Gov. Bobby Jindal. (Associated Press)
Last Modified: Tuesday, December 11, 2012 7:16 PM
Disappointed, but not surprised, best sums up our reaction to reports that members of Gov. Bobby Jindal’s administration used their personal email accounts to shield public business from Louisiana residents.
Jindal’s Commissioner of Administration Kristy Nichols, Department of Health and Hospitals Secretary Bruce Greenstein, Greenstein’s chief of staff and health policy adviser, and Jindal’s communications staff were all involved.
The emails covered such subjects as press releases, responses to news coverage of DHH budget cuts, complaints about news coverage and input on an opinion column Greenstein was writing to be distributed to newspapers in the state.
In one email, a health policy adviser for Greenstein, Calder Lynch, directs members of Jindal’s communications staff to send certain types of items to Lynch’s personal email account.
In another instance, Jindal’s communications director Kyle Plotkin and Jindal spokeswoman Shannon Bates sent multiple group emails to Greenstein, Nichols and DHH employees via their personal email accounts.
A member of Jindal’s administration provided the emails to the Associated Press on condition that he remain anonymous.
Through a public records request, the AP asked for documents and emails from DHH regarding discussions regarding the health care cuts. The Jindal administration complied by releasing 3,800 documents and emails, but not the emails that were sent via personal accounts.
That likely is a violation of the state’s public records law that states that all documents used in the conduct, transaction or performance of public business are considered public except when there is a specific exemption.
DHH spokeswoman Kristen Sunde and Nichols said DHH personnel may use their personal accounts if they are working remotely, have limited access from a mobile device or are having trouble with the state’s email server.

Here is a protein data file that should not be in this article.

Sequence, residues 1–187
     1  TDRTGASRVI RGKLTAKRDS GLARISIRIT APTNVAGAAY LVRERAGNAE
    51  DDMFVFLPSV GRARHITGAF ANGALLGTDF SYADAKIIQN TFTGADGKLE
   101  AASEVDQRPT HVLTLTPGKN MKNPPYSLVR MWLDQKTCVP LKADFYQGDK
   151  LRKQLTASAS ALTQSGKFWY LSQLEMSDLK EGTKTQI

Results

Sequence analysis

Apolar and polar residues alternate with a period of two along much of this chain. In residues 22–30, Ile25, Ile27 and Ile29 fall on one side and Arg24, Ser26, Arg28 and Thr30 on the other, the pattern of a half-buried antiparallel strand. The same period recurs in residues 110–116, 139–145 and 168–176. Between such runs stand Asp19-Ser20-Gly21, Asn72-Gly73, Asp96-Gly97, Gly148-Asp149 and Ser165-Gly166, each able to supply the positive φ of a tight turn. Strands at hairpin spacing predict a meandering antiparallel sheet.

That, though, ignores the directive to use personal email accounts.
Kenneth Bunning, executive director of the National Freedom of Information Coalition, said just because information is sent via personal email accounts does not prevent it from being the public’s business.
In cases like this, there’s normally a witch hunt to try to ferret out who leaked the damaging information, confusing the who for the more critical examination of the what and why.
This latest episode is one more damaging example of the governor’s hypocrisy. Jindal promised when he ran for the governor’s office in 2007 to improve government transparency. But he successfully pushed legislation to keep deliberations cloaked and has fought attempts to make his office’s records open to public scrutiny.
The governor can put a stop to this current betrayal of public trust by issuing an executive order banning it.
Don’t hold your breath, though. Bobby Jindal has established a pattern of the end justifying the means, even if it means trampling on the public’s right to know.
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This editorial was written by a member of the American Press Editorial Board. Its content reflects the collaborative opinion of the Board, whose members include Bobby Dower, Ken Stickney, Jim Beam, Crystal Stevenson and Donna Price.